Psi(x) Plotter
The applet below animates the partial sums (in
order of increasing ) of Von
Mangoldt's formula for :
where the appearing in the formula are zeros
of the Riemann Zeta
Function; more on the significance of
and below.

To use the applet, enter starting and ending values and click the ``ok'' button  this sets the viewing
range. Don't go below 1.5 or above 5000 for ,
and don't make the difference between starting and ending values
any more than 100, otherwise you can't see the grid or the graph
detail. The applet will stop once the first 5000 zeta function
zeros are used. Convergence is fairly fast for small values, and considerably slower once you set starting and
ending values up in the thousands. Place the mouse
pointer over the various buttons for a short description of their
function in the messages area.
The function above was first introduced by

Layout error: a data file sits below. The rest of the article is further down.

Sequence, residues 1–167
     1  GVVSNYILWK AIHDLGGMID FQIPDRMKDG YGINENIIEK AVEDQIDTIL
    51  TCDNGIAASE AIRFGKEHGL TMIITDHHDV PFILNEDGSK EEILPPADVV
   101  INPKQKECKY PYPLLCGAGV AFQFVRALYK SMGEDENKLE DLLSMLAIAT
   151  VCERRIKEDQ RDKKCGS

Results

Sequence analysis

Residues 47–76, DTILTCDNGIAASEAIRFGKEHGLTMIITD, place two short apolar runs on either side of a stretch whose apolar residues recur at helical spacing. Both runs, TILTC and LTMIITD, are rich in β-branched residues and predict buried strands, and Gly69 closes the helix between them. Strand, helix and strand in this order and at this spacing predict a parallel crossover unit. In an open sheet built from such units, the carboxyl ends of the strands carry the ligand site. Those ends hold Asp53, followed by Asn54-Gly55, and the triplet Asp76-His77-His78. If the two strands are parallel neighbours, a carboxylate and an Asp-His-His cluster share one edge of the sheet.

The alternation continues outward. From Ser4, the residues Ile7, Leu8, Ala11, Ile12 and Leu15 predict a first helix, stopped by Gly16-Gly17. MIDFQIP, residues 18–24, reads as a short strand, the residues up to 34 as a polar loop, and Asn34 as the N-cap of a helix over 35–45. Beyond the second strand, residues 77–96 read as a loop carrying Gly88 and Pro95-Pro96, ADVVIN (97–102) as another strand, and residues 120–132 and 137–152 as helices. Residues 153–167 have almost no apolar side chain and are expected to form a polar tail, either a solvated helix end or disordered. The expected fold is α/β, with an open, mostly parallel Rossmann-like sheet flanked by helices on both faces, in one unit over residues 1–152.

Chebyshev as
where the are the primes (i.e. the function which
jumps by at each prime power) and is
closely related to the distribution of prime numbers. The
appearing in the formula are the zeros
of the Riemann Zeta
Function which lie in the region (called the critical strip), and
the sum should be considered as
The prime number theorem states that (the
number of primes less than ) is asymptotic to
, that is,
This last statement is equivalent to
and it was which ultimately led to the proof
of the prime number theorem by Hadamard and De la Vallée
Poussin (independently) in 1896. The formula for is actually a variation of an explicit formula
proposed by Riemann in his groundbreaking 1859 paper On the
Number of Primes Less Than a Given Magnitude. Riemann's
formula expresses the distribution of the primes in terms of the
zeros of the Riemann Zeta
Function. It was in this paper that Riemann conjectured the
now famous Riemann Hypothesis: all zeros of the zeta function lie
on the line in the complex plane, real.
If you spot any booboos or have any comments, please send me
some mail.